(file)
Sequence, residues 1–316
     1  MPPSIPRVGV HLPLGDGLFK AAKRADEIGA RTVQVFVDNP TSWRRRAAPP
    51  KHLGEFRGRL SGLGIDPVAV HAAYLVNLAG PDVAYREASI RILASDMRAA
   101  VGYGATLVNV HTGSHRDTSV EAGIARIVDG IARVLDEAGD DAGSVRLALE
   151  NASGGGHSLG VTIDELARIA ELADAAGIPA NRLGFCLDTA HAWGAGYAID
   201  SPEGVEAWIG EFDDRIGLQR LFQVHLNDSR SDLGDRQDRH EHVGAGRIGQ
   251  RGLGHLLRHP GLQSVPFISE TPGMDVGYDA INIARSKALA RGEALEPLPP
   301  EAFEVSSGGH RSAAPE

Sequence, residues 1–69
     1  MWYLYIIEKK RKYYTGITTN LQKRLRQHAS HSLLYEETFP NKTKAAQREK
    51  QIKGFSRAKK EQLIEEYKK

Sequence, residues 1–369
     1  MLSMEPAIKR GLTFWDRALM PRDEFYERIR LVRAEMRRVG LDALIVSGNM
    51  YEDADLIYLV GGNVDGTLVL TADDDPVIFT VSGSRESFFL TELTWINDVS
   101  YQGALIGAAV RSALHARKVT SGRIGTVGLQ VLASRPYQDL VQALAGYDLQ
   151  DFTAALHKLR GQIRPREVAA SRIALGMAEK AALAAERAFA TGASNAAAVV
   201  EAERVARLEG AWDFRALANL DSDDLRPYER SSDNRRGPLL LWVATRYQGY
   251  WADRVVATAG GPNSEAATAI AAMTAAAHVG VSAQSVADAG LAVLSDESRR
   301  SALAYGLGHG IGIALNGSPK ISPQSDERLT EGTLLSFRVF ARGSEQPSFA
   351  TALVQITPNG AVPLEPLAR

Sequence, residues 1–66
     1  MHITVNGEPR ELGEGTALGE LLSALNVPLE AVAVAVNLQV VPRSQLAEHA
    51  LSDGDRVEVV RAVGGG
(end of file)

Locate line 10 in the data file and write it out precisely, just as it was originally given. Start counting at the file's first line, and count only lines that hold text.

     1  MWYLYIIEKK RKYYTGITTN LQKRLRQHAS HSLLYEETFP NKTKAAQREK